Perfect storm: Elections vs homeowners frustrated by their high insurance rates
Daily Commercial, The (Leesburg, FL)
TALLAHASSEE – Florida lawmakers returned to the Capitol on Monday to try to stabilize a troubled property insurance market plagued by skyrocketing rates and a parade of companies dropping policies or going out of business.
Lawmakers debated putting $2 billion in state money at risk to bolster insurers struggling to get affordable reinsurance, allowing policies with separate roof deductibles and other big changes as they sought to address a growing crisis that threatens homeowners and the state's economy.
While Democrats worried that the proposed reforms will lead to more out-of-pocket costs for homeowners if they file claims, and wondered if they do enough to reduce premiums, Gov. Ron DeSantis predicated a "very positive outcome" from the special legislative session he called to address property insurance concerns.
"It is something if you're looking to buy into Florida to be able to have access to affordable insurance is very, very important," DeSantis said during a press conference in Cape Coral, underscoring the insurance industry's importance to the state's economy.
DeSantis touted some aspects of insurance reforms unveiled last week, including money to help homeowners harden their properties against hurricanes and get an insurance discount, but didn't comment on some of the more controversial aspects of the legislations, which lawmakers are expected to pass by the end of the week.
The $2 billion price tag to give insurers relief from high reinsurance rates and limited availability shows how big and costly the property insurance problem is for Florida.
The state could lose all or part of that $2 billion if a hurricane hit Florida. The money would be used to provide government-issued reinsurance coverage – essentially insurance for insurance companies that limits their potential payouts – free of charge for one year, with the requirement that rates are lowered.
Lawmakers are contemplating whether to take that risk with state money to help stabilize the market and relieve what already is a costly problem for homeowners, who are seeing rates increase by double digits, losing coverage, and being hit with assessments to pay the claims of failed insurers.
Florida lawmakers consider several options to address insurance costs
Yet while officials hope to lower the upfront insurance costs for homeowners through lower premiums, they also are considering whether to allow insurers to sell lower cost policies that shift more of the expense for roof repairs to homeowners if they file a claim. The main reform bill would authorize policies with a separate deductible for roof repairs of up to 2%, which equates to $6,000 for a $300,000 home, or 50% of the cost to replace the roof.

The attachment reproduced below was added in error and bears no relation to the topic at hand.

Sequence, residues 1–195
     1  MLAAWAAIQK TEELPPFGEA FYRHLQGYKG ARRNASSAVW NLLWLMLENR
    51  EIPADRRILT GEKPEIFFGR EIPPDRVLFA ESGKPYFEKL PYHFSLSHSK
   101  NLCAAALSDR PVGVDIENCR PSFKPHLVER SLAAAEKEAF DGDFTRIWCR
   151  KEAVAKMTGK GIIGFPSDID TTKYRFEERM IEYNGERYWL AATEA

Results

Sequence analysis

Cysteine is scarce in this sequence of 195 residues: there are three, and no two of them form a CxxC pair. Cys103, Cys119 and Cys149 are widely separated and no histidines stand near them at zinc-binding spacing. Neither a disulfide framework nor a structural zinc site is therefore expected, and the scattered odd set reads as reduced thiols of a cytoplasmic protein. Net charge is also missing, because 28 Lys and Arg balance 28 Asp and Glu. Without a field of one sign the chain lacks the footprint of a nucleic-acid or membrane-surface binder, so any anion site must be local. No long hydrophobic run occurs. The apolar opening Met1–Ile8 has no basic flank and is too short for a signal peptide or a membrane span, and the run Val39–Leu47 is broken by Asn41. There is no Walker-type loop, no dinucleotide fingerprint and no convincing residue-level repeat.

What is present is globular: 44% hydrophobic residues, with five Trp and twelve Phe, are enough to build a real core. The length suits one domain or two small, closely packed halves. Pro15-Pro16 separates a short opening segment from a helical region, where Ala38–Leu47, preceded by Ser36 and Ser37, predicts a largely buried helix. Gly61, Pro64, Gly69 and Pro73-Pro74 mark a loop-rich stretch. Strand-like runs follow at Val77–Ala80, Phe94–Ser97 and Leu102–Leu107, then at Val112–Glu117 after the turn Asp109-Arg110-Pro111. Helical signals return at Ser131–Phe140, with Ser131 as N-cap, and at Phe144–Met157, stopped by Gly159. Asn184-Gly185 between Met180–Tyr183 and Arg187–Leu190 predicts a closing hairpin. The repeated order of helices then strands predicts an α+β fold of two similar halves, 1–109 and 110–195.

The $2 billion reinsurance program and roof deductible provisions are among a host of changes to insurance law contained in two bills debated by the Florida Senate Monday.
The legislation also seeks to:
Limit lawsuits against insurers by reducing the fees attorneys can recoup and making other changes.
Prohibit insurers from refusing to write policies on homes that have older roofs.
Increase insurance company transparency to address concerns about their stability and financial practices.
The Senate Appropriations Committee considered the two insurance bills sponsored by Sen. Jim Boyd, R-Bradenton, Monday.
Democratic lawmakers quizzed Boyd about the proposed roof deductible, questioning whether that is something that most people could afford.
"We're putting a real cost burden on consumers," said Sen. Bobby Powell, who pushed an unsuccessful amendment that would have dropped the deductible down to 20% of the value of a roof.
Boyd said the larger concern is rising premiums.
"What is becoming almost unbearable is their ability to pay the homeowners premium renewals they're getting in the mail today," Boyd said.
Democrats also raised concerns about efforts to limit insurance lawsuits. Some argue that they could hurt the ability of homeowners to get their claims paid.
The insurance industry is pointing to frivolous lawsuits as the biggest driver of premium increases, claims echoed by DeSantis and Boyd.
Sen. Darryl Rouson asked how it would improve rates "if there's less of a stick against an insurance company to hold them accountable."
Boyd said the "stick is still there" but he hopes to reduce the number of "frivolous bad faith lawsuits."
Sen. Jason Pizzo questioned whether insurance companies own practices are making them weaker, noting that examinations done of failed insurers found some diverted money into affiliates.
Pizzo asked if anything is being done to examine the "flow of funds that goes flying out of these companies that render themselves insolvent by their own actions."